Audience engagement is a phrase that comes up often in conversations about the news industry, but how to achieve it is not always so clear.
In a recently released American Press Institute report, Monica Guzman offers practical guidance on how, by boosting engagement, newsrooms and independent journalists can grow their audiences, heighten their impact, and even find new sources of revenue. Through collaboration, she writes, journalists can not only promote their work, but improve it. Audiences can fill many roles: collaborators, contributors, advisors, partners, and advocates. “Collaboration is not about what your audience can do for you,” Guzman says, “but what you can do with your audience.”
For the study, Guzman talked to 25 news leaders and innovators across mediums—from news organizations local and national, large and small, for-profits and nonprofits—to scope out the best practices in audience and community engagement. Here are a few of her conclusions on how journalists can better engage their audiences:
Participate in the exchange
Perhaps the simplest and most important thing a journalist can do to strengthen online conversation is just to show up.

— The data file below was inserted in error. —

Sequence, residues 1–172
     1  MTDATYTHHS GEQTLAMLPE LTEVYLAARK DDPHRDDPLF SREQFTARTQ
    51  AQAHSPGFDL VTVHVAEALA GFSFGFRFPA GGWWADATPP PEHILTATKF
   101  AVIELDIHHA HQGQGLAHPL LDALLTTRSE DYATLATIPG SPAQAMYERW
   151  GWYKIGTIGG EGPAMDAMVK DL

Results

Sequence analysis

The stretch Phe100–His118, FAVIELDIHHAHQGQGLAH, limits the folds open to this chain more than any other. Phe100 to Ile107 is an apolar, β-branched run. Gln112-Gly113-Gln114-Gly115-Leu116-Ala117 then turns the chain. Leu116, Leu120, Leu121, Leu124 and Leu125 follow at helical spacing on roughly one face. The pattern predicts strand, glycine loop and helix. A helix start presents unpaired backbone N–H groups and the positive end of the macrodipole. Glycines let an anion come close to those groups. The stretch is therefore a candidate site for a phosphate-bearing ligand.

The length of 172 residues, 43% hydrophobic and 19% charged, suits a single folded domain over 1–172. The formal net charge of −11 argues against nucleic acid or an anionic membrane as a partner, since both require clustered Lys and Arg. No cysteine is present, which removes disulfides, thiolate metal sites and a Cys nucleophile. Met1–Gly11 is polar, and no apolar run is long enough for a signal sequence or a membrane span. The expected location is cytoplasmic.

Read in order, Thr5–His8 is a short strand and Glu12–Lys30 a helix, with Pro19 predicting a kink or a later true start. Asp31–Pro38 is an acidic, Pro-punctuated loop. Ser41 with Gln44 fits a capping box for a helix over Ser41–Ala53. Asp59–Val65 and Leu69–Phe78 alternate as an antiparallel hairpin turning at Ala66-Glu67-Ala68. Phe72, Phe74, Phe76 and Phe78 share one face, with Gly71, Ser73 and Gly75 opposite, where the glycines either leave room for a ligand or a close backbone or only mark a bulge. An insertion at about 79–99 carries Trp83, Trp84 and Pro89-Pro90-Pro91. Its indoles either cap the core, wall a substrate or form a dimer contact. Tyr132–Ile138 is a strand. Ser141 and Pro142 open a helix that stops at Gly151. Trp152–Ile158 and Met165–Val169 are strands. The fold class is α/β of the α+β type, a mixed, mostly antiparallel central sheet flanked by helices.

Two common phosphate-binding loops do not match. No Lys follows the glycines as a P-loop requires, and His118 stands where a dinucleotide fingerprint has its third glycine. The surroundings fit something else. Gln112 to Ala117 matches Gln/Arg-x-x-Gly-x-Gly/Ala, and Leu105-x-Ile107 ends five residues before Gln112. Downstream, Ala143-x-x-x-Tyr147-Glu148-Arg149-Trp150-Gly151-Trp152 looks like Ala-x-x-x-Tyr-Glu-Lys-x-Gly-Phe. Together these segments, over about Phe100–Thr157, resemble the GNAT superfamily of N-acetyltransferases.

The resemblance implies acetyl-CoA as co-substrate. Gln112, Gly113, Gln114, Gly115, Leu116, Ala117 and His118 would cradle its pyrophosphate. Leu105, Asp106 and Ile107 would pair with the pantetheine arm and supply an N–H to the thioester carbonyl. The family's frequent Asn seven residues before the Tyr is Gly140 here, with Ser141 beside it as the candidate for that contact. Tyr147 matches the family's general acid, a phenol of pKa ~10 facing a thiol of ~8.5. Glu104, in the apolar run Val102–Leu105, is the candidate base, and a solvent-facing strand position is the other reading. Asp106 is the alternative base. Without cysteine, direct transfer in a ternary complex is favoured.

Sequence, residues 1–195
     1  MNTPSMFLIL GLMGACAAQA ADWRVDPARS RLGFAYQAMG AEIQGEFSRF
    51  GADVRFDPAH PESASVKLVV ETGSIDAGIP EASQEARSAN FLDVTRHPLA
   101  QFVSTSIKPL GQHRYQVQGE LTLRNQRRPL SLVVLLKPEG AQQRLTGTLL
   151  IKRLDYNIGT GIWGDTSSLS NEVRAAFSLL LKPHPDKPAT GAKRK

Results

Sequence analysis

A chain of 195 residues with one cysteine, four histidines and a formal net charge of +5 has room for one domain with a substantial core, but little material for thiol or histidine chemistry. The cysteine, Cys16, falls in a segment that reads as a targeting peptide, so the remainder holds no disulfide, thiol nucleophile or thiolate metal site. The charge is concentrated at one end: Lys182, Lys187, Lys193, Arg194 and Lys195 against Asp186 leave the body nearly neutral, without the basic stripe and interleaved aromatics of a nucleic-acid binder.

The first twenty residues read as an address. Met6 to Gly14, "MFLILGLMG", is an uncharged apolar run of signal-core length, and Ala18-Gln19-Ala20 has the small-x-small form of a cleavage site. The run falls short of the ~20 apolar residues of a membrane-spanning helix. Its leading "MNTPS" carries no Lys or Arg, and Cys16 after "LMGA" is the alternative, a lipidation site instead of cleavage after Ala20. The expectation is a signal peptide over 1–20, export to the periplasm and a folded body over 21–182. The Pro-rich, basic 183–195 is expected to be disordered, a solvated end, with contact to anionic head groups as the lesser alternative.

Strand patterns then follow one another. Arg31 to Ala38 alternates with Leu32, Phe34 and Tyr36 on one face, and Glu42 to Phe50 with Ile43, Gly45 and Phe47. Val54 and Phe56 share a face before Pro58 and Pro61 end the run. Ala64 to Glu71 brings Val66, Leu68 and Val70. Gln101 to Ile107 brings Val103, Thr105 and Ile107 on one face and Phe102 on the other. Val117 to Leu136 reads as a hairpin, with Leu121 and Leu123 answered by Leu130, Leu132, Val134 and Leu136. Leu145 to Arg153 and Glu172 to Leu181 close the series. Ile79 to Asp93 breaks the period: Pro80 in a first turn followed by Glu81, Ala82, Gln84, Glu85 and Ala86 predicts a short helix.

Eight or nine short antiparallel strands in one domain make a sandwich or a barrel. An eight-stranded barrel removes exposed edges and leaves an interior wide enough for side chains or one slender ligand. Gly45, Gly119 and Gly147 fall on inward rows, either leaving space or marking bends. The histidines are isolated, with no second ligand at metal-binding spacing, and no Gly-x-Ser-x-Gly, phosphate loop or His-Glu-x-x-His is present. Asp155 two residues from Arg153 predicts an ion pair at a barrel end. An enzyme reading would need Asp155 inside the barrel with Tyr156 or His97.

A study of 2,500 political comments on 70 political posts by a local TV station showed that when a reporter jumped into a comment thread, uncivil comments declined by 15 percent (though, importantly, when the TV station’s own branded account jumped in, there was no effect). It’s difficult to say for sure why this happens, but many leading journalists offer the same explanation: People speak more thoughtfully when they know someone is listening.
“They’re so used to showing up on these pages and nobody’s paying any attention,” said Connie Schultz, a syndicated Pulitzer Prize-winning columnist who’s built an unusually engaged community of tens of thousands on Facebook.
When you show your public that you are listening to what they tell you, you encourage greater participation. But once you “show up” to a public exchange around your work, what do you do? We’re going to talk about three possibilities. Think of them as the beginner, intermediate and advanced ways to strengthen interaction by participating in public conversations:
Not all journalists have the time or inclination to talk deeply with the public. But there is one small step all journalists can take to support the public exchanges their work inspires. That is to respond to relevant questions. It takes little time, it is simple to do, and it does much to strengthen the quality of public interaction.
When you respond to valid reader questions publicly, you help clear up misunderstandings others in your audience might have. You also send the message that you care about how well your audience understands what you’re sharing with them.
In a set of internal guidelines from 2015, Chalkbeat suggested that its staff “should always try to respond to questions that readers ask in the comments section” of their stories.